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Have we reached the Climate Change Tipping Point?

Discussion in 'BBS Hangout: Debate & Discussion' started by rocketsjudoka, May 1, 2021 at 9:31 AM.

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Have we passed the Climate Change Tipping Point

  1. Yes, Climate Change is already happening to the point it will be difficult to reverse

    14 vote(s)
    70.0%
  2. No, we still have time to make changes to avert a Climate Change disaster

    4 vote(s)
    20.0%
  3. I don't believe Climate Change is happening.

    0 vote(s)
    0.0%
  4. I believe Climate Change is happening but it's not a big deal and humans have nothing to do with it.

    2 vote(s)
    10.0%
  1. Os Trigonum

    Os Trigonum Houston Knicks fan
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    here's another good one

     
    FranchiseBlade and deb4rockets like this.
  2. Os Trigonum

    Os Trigonum Houston Knicks fan
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  3. ThatBoyNick

    ThatBoyNick Member

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  4. Os Trigonum

    Os Trigonum Houston Knicks fan
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    related

    "U.S. Renewables – Current and Potential Output":

    https://www.masterresource.org/renewable-energy/u-s-renewables-update-2019/

    excerpt:

    Conclusion: Too Much Renewables

    More than $3 trillion has been spent on the renewable energy effort since 2004, and the figure has now stabilized at about $300 billion for each one of the last six years.[6] For a cost comparison, the earlier mentioned nuclear power plant – another source of clean and green electricity and also heat – cost $4 million, inflation adjusted. Not billions, just millions. Hundreds of them could have been producing power for the money spent on renewables today, making our country and the world cleaner and richer as a result.

    As to the likelihood of the W&S output influencing climate change, those 9.5% of electricity, which is 1% of total U.S. energy consumption, is unlikely to influence anything except our pockets. And we have no means of measuring those causes and effects reliably as yet.

    Despite this discouraging renewable energy history, documented numerically in voluminous literature, it is politics, not economy, that forces our country and individual states continue year after year to commit us, the tax- and rate- payers, to the goals of producing “20, 50, …. 100 percent of energy from clean, renewable sources in 5, 10 …. 20 years.”

    Those goals a being set despite seeing them not met, and budgets going red repeatedly, for a half a century by now. On top of that some proponents claim this energy to mean the US energy overall, not just the electrical portion of it. That would raise the target sevenfold.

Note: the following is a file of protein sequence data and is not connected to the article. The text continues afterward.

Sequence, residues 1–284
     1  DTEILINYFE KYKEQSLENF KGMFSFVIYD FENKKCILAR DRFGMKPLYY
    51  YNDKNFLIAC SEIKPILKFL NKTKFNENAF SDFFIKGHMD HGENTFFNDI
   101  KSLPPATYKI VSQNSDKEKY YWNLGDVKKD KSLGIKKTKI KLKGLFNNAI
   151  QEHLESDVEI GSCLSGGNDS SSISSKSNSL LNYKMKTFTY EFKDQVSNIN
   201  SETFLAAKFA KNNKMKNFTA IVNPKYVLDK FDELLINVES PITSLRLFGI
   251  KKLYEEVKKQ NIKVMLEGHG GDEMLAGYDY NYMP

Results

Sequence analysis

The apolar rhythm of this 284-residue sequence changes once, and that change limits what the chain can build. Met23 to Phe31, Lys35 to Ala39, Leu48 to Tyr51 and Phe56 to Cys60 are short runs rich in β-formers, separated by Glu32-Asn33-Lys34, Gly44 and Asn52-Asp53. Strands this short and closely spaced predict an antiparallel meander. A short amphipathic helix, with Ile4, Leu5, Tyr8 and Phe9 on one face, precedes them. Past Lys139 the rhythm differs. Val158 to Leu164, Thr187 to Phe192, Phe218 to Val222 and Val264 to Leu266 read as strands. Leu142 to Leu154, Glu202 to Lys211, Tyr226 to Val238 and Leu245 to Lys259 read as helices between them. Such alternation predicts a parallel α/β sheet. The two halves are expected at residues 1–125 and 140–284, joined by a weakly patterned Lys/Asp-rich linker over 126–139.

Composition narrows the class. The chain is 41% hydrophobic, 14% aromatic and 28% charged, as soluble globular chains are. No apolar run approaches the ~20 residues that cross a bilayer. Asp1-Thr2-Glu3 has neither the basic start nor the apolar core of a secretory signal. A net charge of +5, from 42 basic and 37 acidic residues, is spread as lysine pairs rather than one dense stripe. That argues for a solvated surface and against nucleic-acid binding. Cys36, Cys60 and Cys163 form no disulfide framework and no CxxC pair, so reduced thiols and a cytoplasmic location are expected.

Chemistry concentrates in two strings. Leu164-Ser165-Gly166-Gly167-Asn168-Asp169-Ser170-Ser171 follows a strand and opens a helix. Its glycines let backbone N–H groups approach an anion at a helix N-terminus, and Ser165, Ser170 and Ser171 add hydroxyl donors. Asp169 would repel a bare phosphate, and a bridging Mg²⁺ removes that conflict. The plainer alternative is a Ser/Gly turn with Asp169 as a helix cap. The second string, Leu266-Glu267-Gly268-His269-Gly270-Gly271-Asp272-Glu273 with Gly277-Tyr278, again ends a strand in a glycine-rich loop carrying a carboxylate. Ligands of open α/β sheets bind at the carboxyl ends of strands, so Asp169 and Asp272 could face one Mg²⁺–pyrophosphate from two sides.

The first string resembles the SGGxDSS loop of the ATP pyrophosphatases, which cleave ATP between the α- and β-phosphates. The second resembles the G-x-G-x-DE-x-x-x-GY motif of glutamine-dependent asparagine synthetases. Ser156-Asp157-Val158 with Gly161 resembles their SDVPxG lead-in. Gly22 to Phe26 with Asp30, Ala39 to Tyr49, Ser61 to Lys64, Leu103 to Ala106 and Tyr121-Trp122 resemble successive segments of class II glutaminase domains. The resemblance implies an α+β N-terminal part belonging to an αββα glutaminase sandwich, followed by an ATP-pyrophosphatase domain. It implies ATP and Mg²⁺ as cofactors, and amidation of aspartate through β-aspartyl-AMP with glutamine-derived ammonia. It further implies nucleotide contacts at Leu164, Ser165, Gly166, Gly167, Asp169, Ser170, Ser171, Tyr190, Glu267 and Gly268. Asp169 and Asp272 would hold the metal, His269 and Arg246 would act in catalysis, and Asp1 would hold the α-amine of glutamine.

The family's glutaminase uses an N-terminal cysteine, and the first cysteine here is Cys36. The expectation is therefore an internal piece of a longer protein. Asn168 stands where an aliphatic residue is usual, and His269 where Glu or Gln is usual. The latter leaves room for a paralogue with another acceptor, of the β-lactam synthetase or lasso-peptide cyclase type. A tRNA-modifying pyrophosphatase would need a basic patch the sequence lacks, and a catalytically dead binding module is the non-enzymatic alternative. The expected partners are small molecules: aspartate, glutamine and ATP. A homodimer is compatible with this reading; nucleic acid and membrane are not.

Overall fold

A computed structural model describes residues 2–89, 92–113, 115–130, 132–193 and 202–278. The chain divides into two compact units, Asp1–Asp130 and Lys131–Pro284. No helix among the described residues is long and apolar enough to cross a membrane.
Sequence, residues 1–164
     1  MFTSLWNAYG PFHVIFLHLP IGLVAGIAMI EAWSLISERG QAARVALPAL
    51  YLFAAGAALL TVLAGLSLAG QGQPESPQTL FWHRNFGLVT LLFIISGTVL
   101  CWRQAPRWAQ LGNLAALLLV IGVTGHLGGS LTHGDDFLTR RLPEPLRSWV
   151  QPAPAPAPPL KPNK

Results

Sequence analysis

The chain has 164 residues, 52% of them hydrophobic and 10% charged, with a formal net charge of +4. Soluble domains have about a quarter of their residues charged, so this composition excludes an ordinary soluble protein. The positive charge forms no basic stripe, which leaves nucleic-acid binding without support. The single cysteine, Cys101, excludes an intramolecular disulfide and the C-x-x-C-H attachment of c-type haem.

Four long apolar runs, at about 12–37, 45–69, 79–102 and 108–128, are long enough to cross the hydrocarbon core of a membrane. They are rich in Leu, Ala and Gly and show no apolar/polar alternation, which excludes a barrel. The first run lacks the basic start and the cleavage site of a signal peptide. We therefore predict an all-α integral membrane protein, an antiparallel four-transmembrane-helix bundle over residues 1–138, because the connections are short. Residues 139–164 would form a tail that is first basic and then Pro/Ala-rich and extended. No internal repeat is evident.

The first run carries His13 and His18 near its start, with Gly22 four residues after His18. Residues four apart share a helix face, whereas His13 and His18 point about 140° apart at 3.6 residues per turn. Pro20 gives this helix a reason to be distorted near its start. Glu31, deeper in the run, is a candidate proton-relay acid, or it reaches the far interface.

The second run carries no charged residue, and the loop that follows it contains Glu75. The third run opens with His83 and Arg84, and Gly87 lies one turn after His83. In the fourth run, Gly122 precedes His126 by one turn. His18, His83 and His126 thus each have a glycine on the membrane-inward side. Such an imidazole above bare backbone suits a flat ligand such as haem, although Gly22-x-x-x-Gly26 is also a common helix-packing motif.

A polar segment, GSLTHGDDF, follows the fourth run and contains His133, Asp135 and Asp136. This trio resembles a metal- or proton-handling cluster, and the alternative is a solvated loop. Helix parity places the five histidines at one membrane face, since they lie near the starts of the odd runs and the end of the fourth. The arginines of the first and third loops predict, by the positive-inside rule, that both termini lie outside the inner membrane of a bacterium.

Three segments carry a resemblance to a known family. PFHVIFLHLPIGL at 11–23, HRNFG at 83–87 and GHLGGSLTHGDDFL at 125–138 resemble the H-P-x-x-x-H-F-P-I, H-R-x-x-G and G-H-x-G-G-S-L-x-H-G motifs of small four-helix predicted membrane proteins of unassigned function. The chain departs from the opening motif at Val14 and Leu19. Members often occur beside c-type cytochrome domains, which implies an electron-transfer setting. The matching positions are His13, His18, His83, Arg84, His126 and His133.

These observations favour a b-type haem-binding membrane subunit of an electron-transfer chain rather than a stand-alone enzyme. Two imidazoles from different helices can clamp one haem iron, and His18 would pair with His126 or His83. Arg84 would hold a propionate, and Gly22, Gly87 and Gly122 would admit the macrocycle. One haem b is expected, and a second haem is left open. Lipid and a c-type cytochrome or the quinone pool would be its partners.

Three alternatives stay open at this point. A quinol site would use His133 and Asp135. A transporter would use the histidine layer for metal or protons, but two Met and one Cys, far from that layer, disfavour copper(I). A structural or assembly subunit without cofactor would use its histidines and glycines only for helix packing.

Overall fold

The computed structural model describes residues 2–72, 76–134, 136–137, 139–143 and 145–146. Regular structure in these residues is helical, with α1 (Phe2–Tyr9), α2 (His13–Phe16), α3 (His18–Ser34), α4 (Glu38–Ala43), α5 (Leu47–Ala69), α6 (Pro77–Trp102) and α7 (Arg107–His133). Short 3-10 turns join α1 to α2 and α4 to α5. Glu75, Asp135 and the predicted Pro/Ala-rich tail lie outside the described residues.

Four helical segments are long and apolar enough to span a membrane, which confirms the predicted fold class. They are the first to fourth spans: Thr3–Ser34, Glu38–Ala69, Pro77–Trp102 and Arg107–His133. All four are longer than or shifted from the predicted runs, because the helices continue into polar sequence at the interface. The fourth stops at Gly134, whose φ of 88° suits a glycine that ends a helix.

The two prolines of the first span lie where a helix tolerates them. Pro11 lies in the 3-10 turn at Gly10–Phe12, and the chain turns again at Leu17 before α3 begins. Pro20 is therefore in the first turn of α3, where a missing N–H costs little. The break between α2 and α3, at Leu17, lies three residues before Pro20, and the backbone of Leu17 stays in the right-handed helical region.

more at the link
     
  5. ThatBoyNick

    ThatBoyNick Member

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    Citing nuclear as cost-effective in comparison to renewables which would take "years" seems like total horse ****.
     
  6. rocketsjudoka

    rocketsjudoka Contributing Member

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    It's pretty damn expensive to build a nuclear plant and given what we saw at Fukushima the safety margins for them have gone up driving up the cost and construction time even more.
     
    ThatBoyNick likes this.
  7. rocketsjudoka

    rocketsjudoka Contributing Member

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    Addressing this. The issue of how much area is needed is important but also ignores that new technology in both solar and wind is allowing energy production in all places. Photovoltaic building materials are making it possible to generate power on most structures. With photovoltaic glass all of those big curtain walls could be generating electricity while still keeping much of the same aesthetics and function.


    With wind we've come to think of giant windfarms but turbines could be generated on top of skyscrapers too.
    https://buildingtheskyline.org/wind-turbines/

    Also considering anywhere there is motion you can generate electricity. Given how much flood control is an issue with Houston new flood control infrastructure could also generate power since flood control is about the control and movement of water. Reservoirs and even large cisterns could be equipped with turbines that generate power both when they are filled and also as they drain out.

    This is one of those reasons why the measures for addressing climate change are important even if climate change wasn't an issue. Figuring out how to generate electricity practically anywhere means we can build a distributed, robust grid with a lot of redundancy.
     

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